Saturday, 5 June 2010

"Kill violent people, bring back capital punishment"

Now that we have a 'centre, yeah right' government committed to considering ACT's 'three strikes and you're in for life' policy for violent offenders, maybe Garth McVicar will reissue his call for Arizona-style army surplus tent prisons.

Perhaps we'll see more bumper stickers like those produced by Carterton's Mayor, Gary McPhee -"Kill violent people, bring back capital punishment".

McPhee either has a great sense of humour or was blissfully unaware of the irony. He said at the time that it's not the American justice system he wants to copy but China's – ie where there are 68 capital crimes - over half of which are non-violent offences. He also said NZ had moved too far to the political Left, so will John Key's soft focus coalition go far enough to the Right to satisfy the law and order brigade?

A while back a circular email was extolling the virtues of tent prisons introduced by Sherriff Joe Arpaio in Maricopa County, Arizona. Lo and behold, a Fox News item appeared on NZ television over the holidays which reported on Arpaio's latest tactic– a reality game show aimed at luring criminals out of hiding with the promise of fame and fortune.

It's not surprising that Arizona, the US state with most people on death row, should have spawned a law enforcement officer like Arpaio. An Irish judge said of him that "he gloated over the inhumane treatment he dishes out to his inmates" and "appeared to take a chillingly sadistic pleasure in his role as incarcerator."

Arpaio forces prisoners to wear pink underwear, allegedly to prevent theft. He's even extended his 'pink' theme into handcuffs. As a sideline, he flogs these items off to his adoring fans. Like his real estate deals, Arpaio's sale of these 'collectables' has been the subject of legal scrutiny.

He's an enthusiastic advocate of a 'restraint chair' the use of which has been condemned by Amnesty International and in which one remand prisoner died and a paraplegic's neck was broken.
The black and white striped pyjamas that members of his chain gangs (for men, women and juveniles) are required to wear are uncomfortably reminiscent of those worn by Nazi concentration camp inmates.

And then there are his army surplus tent prisons which Sensible Sentencing Trust spokesperson McVicar wants to see in NZ. In Arizona, the temperatures in these tents can reach 150 degrees F - hot enough to cause brain damage or death - not that Arpaio would lose any sleep over that possibility.

As another way of 'saving taxpayers' dollars', he limits prisoners' meals to two a day at a cost of around US30c. He denies them coffee and salt; the former, because he claims it causes violence and the latter, because it saves around US$20k a year. Given the body's need for salt in extreme temperatures, it might actually be in the hope that some prisoners will die and save even more tax dollars. Given he serves out of date, oxidized food, death by diet in Arpaio's jails is not a remote possibility.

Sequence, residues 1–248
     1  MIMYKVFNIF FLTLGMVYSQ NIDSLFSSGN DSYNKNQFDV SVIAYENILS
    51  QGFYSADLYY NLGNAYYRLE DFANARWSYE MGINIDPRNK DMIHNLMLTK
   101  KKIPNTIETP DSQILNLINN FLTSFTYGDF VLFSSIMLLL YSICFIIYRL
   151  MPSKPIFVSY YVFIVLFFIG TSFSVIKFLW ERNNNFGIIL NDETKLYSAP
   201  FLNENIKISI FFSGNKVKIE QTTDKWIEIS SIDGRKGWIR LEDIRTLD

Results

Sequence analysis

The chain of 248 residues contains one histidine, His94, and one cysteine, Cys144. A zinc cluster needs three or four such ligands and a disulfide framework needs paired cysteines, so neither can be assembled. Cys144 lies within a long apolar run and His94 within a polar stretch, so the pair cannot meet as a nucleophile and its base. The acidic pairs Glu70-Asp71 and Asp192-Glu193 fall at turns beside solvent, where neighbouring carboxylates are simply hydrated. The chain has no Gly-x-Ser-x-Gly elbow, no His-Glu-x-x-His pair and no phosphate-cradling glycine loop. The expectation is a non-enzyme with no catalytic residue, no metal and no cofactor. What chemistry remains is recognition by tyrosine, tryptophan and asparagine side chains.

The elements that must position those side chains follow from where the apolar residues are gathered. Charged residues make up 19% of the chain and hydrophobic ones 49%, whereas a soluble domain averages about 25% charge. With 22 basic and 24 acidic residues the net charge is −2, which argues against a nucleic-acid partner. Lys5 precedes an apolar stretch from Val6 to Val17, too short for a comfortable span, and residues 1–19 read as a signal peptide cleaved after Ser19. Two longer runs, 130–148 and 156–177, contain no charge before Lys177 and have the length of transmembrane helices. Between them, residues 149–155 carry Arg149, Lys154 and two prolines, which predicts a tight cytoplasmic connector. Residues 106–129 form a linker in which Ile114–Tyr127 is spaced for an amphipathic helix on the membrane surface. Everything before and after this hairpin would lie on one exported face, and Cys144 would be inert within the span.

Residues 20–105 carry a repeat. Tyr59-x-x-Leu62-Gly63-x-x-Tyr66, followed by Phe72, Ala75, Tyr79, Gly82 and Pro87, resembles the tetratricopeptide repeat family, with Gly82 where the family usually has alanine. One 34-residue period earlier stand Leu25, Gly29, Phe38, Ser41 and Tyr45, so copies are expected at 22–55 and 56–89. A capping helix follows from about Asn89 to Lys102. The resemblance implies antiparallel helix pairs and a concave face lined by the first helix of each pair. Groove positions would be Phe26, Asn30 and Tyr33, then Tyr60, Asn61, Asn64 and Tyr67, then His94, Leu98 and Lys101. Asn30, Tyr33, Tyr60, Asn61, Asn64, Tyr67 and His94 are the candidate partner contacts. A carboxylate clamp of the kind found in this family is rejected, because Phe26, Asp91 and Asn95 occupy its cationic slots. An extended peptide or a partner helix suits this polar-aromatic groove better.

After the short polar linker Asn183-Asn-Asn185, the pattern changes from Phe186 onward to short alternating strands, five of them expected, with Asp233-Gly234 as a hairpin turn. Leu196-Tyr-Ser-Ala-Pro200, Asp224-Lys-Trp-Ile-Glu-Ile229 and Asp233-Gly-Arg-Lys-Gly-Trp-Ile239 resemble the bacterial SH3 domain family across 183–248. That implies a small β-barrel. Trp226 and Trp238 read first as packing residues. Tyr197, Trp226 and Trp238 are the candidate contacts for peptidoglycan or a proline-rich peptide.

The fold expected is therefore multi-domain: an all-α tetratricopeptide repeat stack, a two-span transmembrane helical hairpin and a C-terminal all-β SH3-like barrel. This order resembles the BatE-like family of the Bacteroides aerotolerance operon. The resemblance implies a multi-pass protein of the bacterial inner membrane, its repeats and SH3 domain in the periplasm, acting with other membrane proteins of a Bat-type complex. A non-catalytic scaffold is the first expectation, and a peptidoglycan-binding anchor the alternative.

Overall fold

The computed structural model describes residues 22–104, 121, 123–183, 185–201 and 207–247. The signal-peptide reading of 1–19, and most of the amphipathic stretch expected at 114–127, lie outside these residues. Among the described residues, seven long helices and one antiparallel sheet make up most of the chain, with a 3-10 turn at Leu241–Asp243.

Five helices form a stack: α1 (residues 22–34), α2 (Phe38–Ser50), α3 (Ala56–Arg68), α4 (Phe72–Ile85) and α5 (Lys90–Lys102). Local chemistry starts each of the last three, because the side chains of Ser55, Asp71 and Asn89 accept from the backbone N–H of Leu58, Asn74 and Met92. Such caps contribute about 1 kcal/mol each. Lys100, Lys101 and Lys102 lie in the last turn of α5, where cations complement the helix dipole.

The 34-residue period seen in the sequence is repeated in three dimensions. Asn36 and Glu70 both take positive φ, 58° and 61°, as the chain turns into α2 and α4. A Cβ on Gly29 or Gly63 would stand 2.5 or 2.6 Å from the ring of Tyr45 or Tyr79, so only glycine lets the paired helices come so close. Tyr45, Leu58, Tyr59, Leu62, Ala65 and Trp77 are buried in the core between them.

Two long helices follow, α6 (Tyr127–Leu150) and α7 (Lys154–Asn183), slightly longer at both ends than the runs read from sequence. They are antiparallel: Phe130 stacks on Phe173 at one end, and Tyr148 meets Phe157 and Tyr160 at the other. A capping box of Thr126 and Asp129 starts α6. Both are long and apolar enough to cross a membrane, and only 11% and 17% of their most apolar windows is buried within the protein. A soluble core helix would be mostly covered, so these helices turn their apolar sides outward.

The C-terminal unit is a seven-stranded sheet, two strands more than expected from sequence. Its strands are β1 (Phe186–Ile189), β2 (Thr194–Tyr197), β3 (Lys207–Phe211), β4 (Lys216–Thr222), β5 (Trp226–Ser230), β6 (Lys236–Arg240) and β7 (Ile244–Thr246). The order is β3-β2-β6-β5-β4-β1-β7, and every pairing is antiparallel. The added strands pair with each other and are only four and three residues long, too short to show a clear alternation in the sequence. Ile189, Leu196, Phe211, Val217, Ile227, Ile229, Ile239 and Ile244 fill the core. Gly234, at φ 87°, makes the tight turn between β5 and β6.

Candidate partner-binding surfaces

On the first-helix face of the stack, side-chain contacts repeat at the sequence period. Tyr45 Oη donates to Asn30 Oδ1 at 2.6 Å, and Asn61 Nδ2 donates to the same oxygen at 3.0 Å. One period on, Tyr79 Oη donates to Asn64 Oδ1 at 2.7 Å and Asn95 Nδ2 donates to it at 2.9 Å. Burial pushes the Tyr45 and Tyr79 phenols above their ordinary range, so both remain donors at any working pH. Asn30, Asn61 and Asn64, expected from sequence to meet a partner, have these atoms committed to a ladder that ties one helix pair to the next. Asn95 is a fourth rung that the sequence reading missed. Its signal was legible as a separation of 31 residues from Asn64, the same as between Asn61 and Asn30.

To put Arpaio's workhouse–style parsimony into perspective, lawsuits have cost Maricopa County over $40 million in settlement claims so far during Arpaio's tenure. Many other law suits are pending and he's also facing a class-action lawsuit for violation of constitutional rights brought by the American Civil Liberties Union on behalf of remand prisoners.

Some people argue that his excesses are worthwhile because he has reduced crime but there is no evidence that his policies do anything of the sort.  This Hero of the Right has been responsible for the deaths in custody of a mentally handicapped man, a blind man and a drug addict who was in withdrawal and suffering delusions. His officers' use of a restraint chair resulted in a wheelchair bound paraplegic losing the use of his arms. The man was restrained because he demanded a catheter; he'd been arrested for possessing a gram of cannabis and calling an Irish bar owner an 'Englishman'.

The crimes of the others are as revealing. The blind man was serving 6 months for shoplifting; the mentally handicapped man was arrested for loitering; the drug addict was arrested for a minor assault on a police officer.  No doubt the crimes of the desperados netted in his TV sting operation are unlikely to fall into the category of the 'most wanted'.

But, enough of this nasty little man. Should we do as our own champions of law and order, McVicar and MacPhee suggest, ie introduce tent prisons and bring back the death penalty?

Whilst there are some criminals (and people whose money and power mean they never get labeled as such) who I'd be happy to see towed way out to sea in a leaky boat with no oars, my thirst for vengeance is always eased by the thought of an innocent person facing death at the hands of the state.  And it is slaked completely when I consider the implications of the socioeconomic and ethnic profiles of the prison population – in both Arizona and Aotearoa-New Zealand.

Of all executions carried out in the USA between 1930-1968, 1,751 of the inmates were white and 2,066 were black. Black people comprised around 6% of the general population but 53% of those executed for capital crimes. Even more chilling is the fact that, of the 453 executed for rape, 48 were white and 405 were black.

These statistics speak both to race and class and should speak to us if we contemplate learning lessons from the likes of Arpaio and his supporters.

NZ already has an appallingly high incarceration rate and half the prison population is Maori. If you are poor and/or brown in Godzone you are more likely to be arrested, charged with a more serious crime, found guilty and receive a heavier sentence than if you are white and/or affluent. This is a reality that the law and order brigade may be content to ignore or consider to be justifiable. I do not.

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